2. Rev. Rul. 73-595, 1973-2 C.B. 384, regards a foundation transaction which deposited funds in a savings account maintained with a disqualified person banking institution. The bank pays interest on funds in deposit during an entire quarter. On the tenth day of a calendar quarter, the foundation deposited funds and in the next quarter it withdrew the funds ten days before the end of the quarter.  Thus, the foundation wasn’t entitled to interest on its deposit in either quarter. The transaction was an act of self-dealing because the foundation lost its interest income and the banking exception was inapplicable because the account permitted interest to be lost for a period exceeding 30 days. 

3. Rev. Rul. 77-259; 1977-2 C.B. 387, states the purchase by a foundation of a bank mortgage, a disqualified person that in the normal course of its business acquires and sells mortgages, isn’t within the exception for general banking services and is an act of self-dealing under IRC 4941(d)(1).

Subsequent acts of self-dealing arising from initial transaction – lending of money or other extensions of credit

Section 53.4941(e)-1(e)(1)(i) provides that if a transaction between a foundation and a disqualified person is determined to be self-dealing there is generally one act of self-dealing. If, however, such transaction relates to the leasing of property, the lending of money or other extension of credit, other use of money or property, or payment of compensation, the transaction will generally be treated as giving rise to an act of self-dealing on the day the transaction occurs. Also,  – it’s an act of self-dealing on the first day of each taxable year or portion of a taxable year which is within the taxable period and which begins after the taxable year in which the transaction occurs.  The regulation cited above provides numerous examples. 

Example:  On August 31, 1970, foundation sells a building to disqualified person. Foundation is on the calendar year basis. Under these circumstances, the transaction between the foundation and disqualified person is one act of self-dealing which is treated for purposes of IRC 4941 as occurring on August 31, 1970.

Example:  Assume the facts as stated above except instead of selling the building to foundation, disqualified person leases the building to the foundation for a term of four years beginning July 31, 1970, at an annual rental of $12,000. The annual fair rental value of the building is also $12,000 as of July 31, 1970, and throughout the next four years. This transaction is corrected on September 30, 1973. Under these circumstances, the transaction between disqualified person and foundation constitutes four separate acts of self-dealing, which are treated for purposes of IRC 4941 as occurring on July 31, 1970, January 1, 1971, January 1, 1972, and January 1, 1973. Consequently, there are four taxable periods. The first taxable period is from July 31, 1970, to September 30, 1973; the second is from January 1, 1971, to September 30, 1973; the third is from January 1, 1972, to September 30, 1973; and the fourth is from January 1, 1973 to September 30, 1973. For purposes of the initial taxes in IRC 4941(a), the amount involved is $5,000 for the first taxable period, $12,000 for the second, $12,000 for the third, and $9,000 for the fourth. The initial taxes to be paid by disqualified person are thus $1,000 ($5,000 × 5% × 4 taxable years or partial taxable years in the taxable period) for the first act; $1,800 ($12,000 × 5% × 3) for the second act; $1,200 ($12,000 × 5% × 2) for the third act; and $450 ($9,000 × 5% × 1) for the fourth act.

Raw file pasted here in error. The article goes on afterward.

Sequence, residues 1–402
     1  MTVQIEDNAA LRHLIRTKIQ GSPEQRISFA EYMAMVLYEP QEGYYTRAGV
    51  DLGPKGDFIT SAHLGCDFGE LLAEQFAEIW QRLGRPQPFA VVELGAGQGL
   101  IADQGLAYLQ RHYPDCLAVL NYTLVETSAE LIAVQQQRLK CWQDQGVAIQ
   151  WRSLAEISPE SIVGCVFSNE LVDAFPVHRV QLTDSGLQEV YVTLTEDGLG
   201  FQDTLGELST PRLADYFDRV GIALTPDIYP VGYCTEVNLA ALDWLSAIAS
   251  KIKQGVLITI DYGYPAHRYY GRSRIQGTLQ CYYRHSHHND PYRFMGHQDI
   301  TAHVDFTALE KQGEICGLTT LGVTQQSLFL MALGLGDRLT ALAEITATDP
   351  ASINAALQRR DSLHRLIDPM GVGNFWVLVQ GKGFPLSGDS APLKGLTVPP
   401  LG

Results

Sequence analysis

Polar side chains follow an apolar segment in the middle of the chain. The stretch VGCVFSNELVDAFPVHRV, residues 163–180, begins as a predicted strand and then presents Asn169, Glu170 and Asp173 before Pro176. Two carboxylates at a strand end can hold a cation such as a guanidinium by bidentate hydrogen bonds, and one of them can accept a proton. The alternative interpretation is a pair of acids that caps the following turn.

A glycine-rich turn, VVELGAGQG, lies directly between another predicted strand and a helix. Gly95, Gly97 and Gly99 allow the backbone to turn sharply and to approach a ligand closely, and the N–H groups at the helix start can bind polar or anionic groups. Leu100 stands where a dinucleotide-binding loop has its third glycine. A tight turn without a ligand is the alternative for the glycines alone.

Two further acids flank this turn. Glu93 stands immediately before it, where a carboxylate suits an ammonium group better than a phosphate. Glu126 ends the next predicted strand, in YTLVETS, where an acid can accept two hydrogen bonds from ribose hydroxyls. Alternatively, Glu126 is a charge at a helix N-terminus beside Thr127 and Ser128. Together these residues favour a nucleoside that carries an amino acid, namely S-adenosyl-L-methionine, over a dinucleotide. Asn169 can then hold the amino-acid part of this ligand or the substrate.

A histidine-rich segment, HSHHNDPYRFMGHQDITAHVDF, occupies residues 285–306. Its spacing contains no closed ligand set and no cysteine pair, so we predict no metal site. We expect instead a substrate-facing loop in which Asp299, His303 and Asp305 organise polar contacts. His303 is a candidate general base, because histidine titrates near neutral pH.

Rev. Rul. 2002-43, 2002-2 C.B. 85 shows how a foundation’s self-dealing taxes are calculated in an instance of a loan from a foundation to a disqualified person that spans more than one year and constitutes multiple acts of self-dealing.  Self-dealing tax is imposed annually rather than merely with respect to the year in which the self-dealing took place.  See Treas. Reg. 53.4941-1(a)(1) and GCM 39066 as modified by GCM 39451 (although GCM’s are not considered guidance they are helpful in applying the law to certain facts).  Additionally, if a foundation made a multi-year loan to a disqualified person there would be an act of self-dealing with respect to each year there was an outstanding principal balance on the loan. 

Issue Indicators or Audit Tips

Issue Indicators

Look to other Chapter 42 code sections as well. Chapter 42 permits the assessment of excise taxes under different statutes for the same transaction.  For instance, a self-dealing transaction, IRC 4941, is frequently also a taxable expenditure, IRC 4945, that may also affect the net investment income, IRC 4940, and the qualifying distributions, IRC 4942.  IRC 4941 and IRC 4945 can commonly occur for the same transaction.  Many self-dealing transactions are not considered to be for IRC 170(c)(2)(B) purposes, thus becoming taxable expenditures. But a taxable expenditure isn’t necessarily a self-dealing transaction.

Audit Tips

Ensure the self-dealing transaction was reported on the Form 4720. Determine if the excise tax was paid and that the self-dealing transaction was corrected. Failure to make correction can result in the imposition of second-tier taxes.

Review and verify balance sheet items on Part II of Form 990-PF, which may indicate loans to and from disqualified persons on line #6 for receivables due from officers, directors, trustees and other disqualified persons and on line #20, loans from officers, directors, trustees and other disqualified persons.